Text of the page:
Peters, the flagman, testified that he was substituting for the regular flagman who was on a break. However, he had worked as a flagman on other occasions for long periods of time. He was directing traffic onto the shoulder because concrete trucks were using the left-hand portion of the area at that point. He was standing in this left-hand portion about 25 to 30 feet in front of a concrete truck. He was wearing an orange vest and yellow helmet and was waving an orange-reddish flag to direct traffic to slow down and to shift to the shoulder lane. He first saw the Cresco truck 200 to 300 yards west on the highway. He estimated it was traveling about 50 to 60 m.p.h. He noticed the right turn flashers which had been on "for some time." As the Cresco truck approached, it began to move onto the shoulder. Peters first saw the plaintiff's automobile after the collision. The Cresco truck stopped about 25 to 30 feet east of where he was standing. The plaintiff's car stopped some 40 to 50 feet west of his position. He testified there were no cones, extra barricades, signs or other flagmen directing traffic onto the shoulder.

Plaintiff testified he drove eastbound on the shoulder area at 40 m.p.h. for about 5 minutes until the accident. About 8 to 10 trucks passed him in the left lane traveling some 50 m.p.h. He had no time to sound his horn or "back off" as the Cresco truck crossed into his lane. He did not see flashers on the Cresco truck. He estimated the truck was traveling 10 m.p.h. faster than his automobile. At the time of impact the closest automobile ahead of him was approximately 3 blocks away.

Donald Zimmer, acting chief engineer for the Illinois State Toll Highway Authority (Tollway) testified that in October of 1973 he was the Tollway's traffic engineer, responsible for seeing that contract traffic control provisions complied with plans and specifications. It was his function to inspect a construction site daily to ascertain whether the contract plans and documents were properly carried out by the section engineer, also employed by the Tollway.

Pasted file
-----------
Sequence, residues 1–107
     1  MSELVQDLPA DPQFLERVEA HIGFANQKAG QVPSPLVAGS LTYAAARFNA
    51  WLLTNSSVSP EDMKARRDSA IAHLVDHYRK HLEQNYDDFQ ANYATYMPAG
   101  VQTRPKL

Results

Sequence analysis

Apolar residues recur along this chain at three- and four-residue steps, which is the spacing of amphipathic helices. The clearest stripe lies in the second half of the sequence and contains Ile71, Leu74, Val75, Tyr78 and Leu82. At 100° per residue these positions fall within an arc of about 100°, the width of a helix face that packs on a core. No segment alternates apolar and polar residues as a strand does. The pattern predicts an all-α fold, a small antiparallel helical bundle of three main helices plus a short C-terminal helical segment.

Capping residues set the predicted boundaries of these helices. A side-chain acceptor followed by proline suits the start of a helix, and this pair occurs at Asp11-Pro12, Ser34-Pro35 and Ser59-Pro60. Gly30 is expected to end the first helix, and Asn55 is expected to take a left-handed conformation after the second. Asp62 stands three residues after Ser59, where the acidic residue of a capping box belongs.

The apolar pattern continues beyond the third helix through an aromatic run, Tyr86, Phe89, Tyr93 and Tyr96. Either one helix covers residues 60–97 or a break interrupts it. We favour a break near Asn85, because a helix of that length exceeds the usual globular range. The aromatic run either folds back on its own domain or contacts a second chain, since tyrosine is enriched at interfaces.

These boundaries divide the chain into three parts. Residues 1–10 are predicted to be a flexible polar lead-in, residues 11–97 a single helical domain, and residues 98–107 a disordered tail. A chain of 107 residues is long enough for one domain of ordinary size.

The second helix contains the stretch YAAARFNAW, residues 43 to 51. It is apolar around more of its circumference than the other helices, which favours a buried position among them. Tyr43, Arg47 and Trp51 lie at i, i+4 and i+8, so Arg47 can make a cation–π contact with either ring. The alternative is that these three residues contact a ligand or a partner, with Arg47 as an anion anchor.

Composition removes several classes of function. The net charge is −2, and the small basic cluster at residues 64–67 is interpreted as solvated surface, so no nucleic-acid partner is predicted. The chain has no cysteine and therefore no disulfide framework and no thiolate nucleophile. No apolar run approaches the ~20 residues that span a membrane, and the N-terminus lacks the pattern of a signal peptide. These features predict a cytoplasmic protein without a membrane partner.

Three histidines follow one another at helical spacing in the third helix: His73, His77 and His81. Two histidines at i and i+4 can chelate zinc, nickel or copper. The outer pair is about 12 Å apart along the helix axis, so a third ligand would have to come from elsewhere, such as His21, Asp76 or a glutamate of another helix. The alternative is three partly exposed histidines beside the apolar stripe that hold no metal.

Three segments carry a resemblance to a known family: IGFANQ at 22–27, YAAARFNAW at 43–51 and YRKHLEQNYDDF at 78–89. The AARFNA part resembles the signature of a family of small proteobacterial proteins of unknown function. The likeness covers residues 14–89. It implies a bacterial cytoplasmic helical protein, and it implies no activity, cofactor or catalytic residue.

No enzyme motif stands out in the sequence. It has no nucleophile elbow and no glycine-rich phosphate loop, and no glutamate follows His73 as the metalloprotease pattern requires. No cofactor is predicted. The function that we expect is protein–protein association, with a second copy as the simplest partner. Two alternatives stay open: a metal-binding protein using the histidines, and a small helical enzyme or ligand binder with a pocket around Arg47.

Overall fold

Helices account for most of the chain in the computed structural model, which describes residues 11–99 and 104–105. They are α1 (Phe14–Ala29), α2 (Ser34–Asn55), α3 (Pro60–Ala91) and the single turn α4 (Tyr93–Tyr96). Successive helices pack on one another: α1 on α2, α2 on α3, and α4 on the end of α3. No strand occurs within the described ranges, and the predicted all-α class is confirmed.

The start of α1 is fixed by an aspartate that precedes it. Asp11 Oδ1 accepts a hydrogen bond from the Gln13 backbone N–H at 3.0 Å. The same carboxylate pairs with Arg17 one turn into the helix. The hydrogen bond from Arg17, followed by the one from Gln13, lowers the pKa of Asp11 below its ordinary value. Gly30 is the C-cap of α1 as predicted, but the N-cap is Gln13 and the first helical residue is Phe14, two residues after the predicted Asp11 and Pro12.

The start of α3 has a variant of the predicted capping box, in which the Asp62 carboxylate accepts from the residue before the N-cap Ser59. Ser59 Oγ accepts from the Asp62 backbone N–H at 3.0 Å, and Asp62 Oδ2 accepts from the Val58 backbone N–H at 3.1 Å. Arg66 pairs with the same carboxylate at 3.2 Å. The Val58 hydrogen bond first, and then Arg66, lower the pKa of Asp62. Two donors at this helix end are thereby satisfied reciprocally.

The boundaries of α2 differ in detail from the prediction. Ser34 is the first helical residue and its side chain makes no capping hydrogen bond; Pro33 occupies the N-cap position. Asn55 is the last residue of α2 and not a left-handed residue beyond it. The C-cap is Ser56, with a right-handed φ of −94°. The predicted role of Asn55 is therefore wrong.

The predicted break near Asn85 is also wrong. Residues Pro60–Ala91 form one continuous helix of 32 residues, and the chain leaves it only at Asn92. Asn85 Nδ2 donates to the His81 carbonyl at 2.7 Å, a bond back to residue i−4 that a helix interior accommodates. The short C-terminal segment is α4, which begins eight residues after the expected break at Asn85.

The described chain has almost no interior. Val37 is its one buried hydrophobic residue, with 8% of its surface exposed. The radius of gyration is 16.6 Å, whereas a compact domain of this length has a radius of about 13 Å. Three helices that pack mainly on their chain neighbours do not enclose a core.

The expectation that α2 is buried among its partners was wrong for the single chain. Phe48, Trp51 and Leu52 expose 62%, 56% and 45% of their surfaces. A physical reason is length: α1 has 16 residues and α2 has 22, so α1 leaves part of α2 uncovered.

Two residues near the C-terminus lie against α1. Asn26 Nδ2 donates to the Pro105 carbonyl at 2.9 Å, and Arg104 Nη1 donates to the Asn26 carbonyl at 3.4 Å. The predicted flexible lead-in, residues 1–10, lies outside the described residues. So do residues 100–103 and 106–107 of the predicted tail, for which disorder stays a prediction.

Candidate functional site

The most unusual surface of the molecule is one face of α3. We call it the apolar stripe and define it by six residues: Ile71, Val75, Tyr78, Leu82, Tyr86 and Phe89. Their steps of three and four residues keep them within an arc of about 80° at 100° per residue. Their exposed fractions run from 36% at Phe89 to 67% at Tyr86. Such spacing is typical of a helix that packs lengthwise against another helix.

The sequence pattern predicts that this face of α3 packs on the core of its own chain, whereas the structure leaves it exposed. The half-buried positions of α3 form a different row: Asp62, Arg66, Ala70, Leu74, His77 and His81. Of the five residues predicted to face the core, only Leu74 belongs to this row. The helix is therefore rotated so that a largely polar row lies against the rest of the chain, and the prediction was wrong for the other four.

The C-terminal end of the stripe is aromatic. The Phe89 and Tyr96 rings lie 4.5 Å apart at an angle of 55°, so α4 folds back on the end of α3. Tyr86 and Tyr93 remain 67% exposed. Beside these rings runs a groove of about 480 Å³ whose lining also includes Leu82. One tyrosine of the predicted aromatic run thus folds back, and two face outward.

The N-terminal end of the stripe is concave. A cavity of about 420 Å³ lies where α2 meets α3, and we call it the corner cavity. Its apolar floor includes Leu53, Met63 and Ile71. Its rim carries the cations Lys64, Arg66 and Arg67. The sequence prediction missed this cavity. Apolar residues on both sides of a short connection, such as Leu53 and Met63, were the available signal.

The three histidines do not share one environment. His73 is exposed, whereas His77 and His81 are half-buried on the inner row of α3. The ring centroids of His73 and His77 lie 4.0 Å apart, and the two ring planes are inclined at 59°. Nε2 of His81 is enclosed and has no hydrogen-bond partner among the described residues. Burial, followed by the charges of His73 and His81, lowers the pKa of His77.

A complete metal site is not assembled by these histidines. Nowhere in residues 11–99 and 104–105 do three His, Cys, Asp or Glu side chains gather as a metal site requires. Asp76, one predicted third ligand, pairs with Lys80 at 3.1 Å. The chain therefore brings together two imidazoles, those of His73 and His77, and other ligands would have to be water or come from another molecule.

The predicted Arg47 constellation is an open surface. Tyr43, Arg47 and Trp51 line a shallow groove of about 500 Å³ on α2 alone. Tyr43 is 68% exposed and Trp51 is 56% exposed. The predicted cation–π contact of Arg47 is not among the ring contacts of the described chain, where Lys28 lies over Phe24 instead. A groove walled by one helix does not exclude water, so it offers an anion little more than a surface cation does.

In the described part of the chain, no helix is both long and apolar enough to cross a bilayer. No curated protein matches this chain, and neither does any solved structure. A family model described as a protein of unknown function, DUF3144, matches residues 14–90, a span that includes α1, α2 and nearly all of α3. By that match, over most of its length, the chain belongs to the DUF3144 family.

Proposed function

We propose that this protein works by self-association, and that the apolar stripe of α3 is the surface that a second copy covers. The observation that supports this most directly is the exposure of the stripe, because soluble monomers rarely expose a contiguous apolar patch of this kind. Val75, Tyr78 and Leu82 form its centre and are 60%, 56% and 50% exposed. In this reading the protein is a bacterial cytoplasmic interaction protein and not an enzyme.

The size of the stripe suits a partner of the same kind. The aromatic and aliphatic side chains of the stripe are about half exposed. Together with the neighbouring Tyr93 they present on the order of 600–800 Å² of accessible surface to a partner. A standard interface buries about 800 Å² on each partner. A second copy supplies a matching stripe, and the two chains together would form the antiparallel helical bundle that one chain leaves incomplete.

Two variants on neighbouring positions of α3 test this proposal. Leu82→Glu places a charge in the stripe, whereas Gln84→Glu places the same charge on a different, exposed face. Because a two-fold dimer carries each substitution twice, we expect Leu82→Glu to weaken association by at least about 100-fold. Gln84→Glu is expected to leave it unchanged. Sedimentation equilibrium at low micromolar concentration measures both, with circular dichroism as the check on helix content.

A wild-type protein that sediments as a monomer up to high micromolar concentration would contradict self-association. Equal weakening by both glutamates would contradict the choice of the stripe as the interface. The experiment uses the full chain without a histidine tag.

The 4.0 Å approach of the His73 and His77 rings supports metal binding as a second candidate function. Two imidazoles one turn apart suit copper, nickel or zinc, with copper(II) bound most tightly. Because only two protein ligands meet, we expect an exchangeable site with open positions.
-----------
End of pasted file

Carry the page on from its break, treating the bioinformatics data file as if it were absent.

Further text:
Zimmer testified that the contract between Brighton and the Tollway for this work contained a section devoted to traffic control. A subsection therein provided that during construction in the median a "type 4" lane closure would be employed. The type 4 plan required that two traffic lanes would remain open, the right-hand lane and the shoulder. The type 4 plan also required posting of signs indicating a 50 m.p.h. speed limit and the use of two lanes, with trucks using the left lane. The plan required barricades along the left of these two lanes spaced at 100-foot intervals. A separate provision under this plan outlined signs and procedures necessary to close one of these two traffic lanes for repair work or accidents. Zimmer testified that the latter lane closure provision was inapplicable when a flagman was signaling traffic as a temporary matter such as the exit of equipment from the inner lanes. A permanent closure of one lane would cause serious traffic backups. He stated the contract did not require the use of more than one flagman in connection with movement of equipment from the inner lane. He testified that the number and placement of flagmen was within the discretion of the engineer. He referred to a section of the contract calling for "the furnishing of flagmen as required by the engineer * * *." Zimmer also stated it was preferable that a flagman stand within 100 feet of the lane obstruction and to the right, in this case north, of the blocked lane for visibility to approaching traffic.

Gary Marietta, a qualified engineer, testified that he was in charge of enforcing the contract specifications and assuring that traffic control devices were properly in place. He stated he had been at the construction site early in the day. Upon learning concrete trucks would be entering and exiting the area, he instructed the Brighton crew to have a flagman present. He specified that only one flagman was necessary. He testified that more than one flagman could confuse motorists and create problems in signal coordination. In explaining the division of responsibilities between contractor and engineer regarding traffic control, he cited a paragraph of the traffic control section of the Brighton-Tollway contract which required that "[t]he engineer shall inspect the traffic control device placement before work on each stage begins, and any deficiency shall be corrected by the contractor before starting work on that stage." In response to questions regarding the training required of a flagman, Marietta stated that the job requires only a few minutes instruction and that the work entails only slowing traffic down and waving it over.

• 1 We turn initially to Brighton and Peters' claim that they are entitled to judgment n.o.v. on the basis that the negligent driving of Trotter was the sole proximate cause of the collision. The accepted standard of review for judgment n.o.v. requires a determination that all of the evidence, when viewed in the light most favorable to the opponents, so overwhelmingly favors movant that no contrary verdict could ever stand. Pedrick v. Peoria & Eastern R.R. Co. (1967), 37 Ill.2d 494, 510, 229 N.E.2d 504.